Why Bias Challenges to Administrative Adjudication Should Succeed

23 Pages Posted: 24 Feb 2017 Last revised: 26 Feb 2017

See all articles by Kent H. Barnett

Kent H. Barnett

University of Georgia School of Law

Date Written: February 22, 2017

Abstract

How much confidence would you have in a judge whom your opponent hired, can pay bonuses to, and can seek to discipline or remove? I recently argued that numerous administrative adjudicators very likely suffer from an unconstitutional appearance of partiality because the agencies that are often parties in administrative hearings can hire, pay bonuses to, discipline, and remove these adjudicators.

In this Article for the Missouri Law Review’s Symposium on A Future Without the Administrative State?, I contend that challenges to adjudicators’ appearance of partiality are well positioned to be part of the new wave of structural challenges to the administrative state. First, prohibiting administrative adjudicators’ partiality, unlike some other structural areas, does not require overruling prior decisions and relies heavily on the Court’s recent precedent. Second, partiality challenges fit comfortably within the Court’s penchant for formalism and prophylaxes in structural constitutional matters. Indeed, formalism is much more justified for partiality challenges than certain other structural issues and has a longer jurisprudential provenance. Finally, as compared to other proposed challenges to the administrative state, challenges based on administrative partiality are more likely to earn enough votes to succeed.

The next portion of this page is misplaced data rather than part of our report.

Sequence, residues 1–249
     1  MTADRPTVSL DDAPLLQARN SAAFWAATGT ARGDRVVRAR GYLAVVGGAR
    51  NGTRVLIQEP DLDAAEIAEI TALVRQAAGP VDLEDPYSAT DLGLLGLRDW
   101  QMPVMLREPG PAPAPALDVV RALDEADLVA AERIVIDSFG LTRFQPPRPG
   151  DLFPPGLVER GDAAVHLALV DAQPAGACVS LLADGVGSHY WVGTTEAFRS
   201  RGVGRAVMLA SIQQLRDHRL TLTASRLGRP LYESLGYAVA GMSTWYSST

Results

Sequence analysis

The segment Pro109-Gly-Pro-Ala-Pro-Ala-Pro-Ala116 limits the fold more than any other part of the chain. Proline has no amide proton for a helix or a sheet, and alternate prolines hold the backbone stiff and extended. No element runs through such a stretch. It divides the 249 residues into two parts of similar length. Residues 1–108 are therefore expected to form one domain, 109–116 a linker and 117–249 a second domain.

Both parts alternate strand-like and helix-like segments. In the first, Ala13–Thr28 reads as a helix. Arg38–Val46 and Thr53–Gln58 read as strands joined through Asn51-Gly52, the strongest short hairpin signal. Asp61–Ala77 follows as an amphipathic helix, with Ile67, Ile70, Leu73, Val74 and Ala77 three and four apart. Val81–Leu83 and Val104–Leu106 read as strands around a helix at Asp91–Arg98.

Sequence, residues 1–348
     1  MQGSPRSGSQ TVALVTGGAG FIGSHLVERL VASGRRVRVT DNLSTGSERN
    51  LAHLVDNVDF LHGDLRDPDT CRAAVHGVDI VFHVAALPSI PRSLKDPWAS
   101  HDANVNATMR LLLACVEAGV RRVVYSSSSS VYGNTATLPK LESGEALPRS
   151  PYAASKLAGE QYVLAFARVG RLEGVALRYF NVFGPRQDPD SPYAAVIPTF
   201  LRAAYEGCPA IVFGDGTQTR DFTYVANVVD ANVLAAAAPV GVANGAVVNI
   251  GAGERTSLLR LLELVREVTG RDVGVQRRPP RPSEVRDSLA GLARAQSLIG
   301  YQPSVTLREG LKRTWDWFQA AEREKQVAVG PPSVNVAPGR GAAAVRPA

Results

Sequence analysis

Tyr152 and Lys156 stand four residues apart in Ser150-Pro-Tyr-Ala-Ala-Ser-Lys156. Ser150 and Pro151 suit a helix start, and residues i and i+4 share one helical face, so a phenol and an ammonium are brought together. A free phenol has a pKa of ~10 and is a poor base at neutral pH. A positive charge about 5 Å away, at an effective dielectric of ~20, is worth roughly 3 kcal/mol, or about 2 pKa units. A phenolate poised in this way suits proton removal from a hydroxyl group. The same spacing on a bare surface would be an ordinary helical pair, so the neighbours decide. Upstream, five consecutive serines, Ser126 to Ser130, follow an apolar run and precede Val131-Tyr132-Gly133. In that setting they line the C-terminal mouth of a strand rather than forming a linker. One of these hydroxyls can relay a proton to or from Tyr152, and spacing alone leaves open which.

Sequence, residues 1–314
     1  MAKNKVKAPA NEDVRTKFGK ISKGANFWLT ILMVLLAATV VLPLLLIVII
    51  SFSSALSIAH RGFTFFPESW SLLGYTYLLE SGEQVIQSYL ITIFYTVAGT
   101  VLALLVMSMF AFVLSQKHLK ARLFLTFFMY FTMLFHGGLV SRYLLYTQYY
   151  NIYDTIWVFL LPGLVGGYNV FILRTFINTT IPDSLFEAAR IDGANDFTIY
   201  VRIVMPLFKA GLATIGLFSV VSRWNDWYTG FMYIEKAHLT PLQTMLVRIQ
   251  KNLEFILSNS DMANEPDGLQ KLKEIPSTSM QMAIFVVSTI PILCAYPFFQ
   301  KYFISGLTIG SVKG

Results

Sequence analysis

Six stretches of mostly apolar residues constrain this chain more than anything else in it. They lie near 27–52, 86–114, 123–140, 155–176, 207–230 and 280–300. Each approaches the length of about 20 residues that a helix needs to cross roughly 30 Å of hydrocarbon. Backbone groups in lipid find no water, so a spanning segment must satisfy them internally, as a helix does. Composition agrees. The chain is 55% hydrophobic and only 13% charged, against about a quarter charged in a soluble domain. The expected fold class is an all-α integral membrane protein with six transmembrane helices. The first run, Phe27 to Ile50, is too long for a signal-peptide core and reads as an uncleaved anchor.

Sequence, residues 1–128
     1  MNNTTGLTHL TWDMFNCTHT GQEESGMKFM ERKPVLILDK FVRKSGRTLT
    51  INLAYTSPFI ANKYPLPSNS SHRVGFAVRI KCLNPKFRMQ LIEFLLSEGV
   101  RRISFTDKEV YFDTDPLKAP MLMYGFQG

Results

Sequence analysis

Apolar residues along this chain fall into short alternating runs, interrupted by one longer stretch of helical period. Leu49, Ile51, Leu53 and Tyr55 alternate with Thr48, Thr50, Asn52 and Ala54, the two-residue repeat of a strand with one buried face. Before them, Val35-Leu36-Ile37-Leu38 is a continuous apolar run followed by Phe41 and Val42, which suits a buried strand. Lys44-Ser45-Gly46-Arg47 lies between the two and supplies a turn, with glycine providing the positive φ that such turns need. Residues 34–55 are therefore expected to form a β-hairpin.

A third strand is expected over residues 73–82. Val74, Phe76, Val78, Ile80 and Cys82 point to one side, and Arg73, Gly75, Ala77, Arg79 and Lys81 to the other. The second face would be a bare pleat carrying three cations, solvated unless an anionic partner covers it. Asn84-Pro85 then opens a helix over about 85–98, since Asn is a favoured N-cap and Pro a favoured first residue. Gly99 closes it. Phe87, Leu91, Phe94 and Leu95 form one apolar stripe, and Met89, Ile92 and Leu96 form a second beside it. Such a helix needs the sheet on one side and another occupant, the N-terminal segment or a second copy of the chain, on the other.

Suggested Citation

Barnett, Kent Harris, Why Bias Challenges to Administrative Adjudication Should Succeed (February 22, 2017). Missouri Law Review, Vol. 81, p. 1023, 2017, University of Georgia School of Law Legal Studies Research Paper No. 2017-09, Available at SSRN: https://ssrn.com/abstract=2922150

Kent Harris Barnett (Contact Author)

University of Georgia School of Law ( email )

225 Herty Drive
Athens, GA 30602
United States

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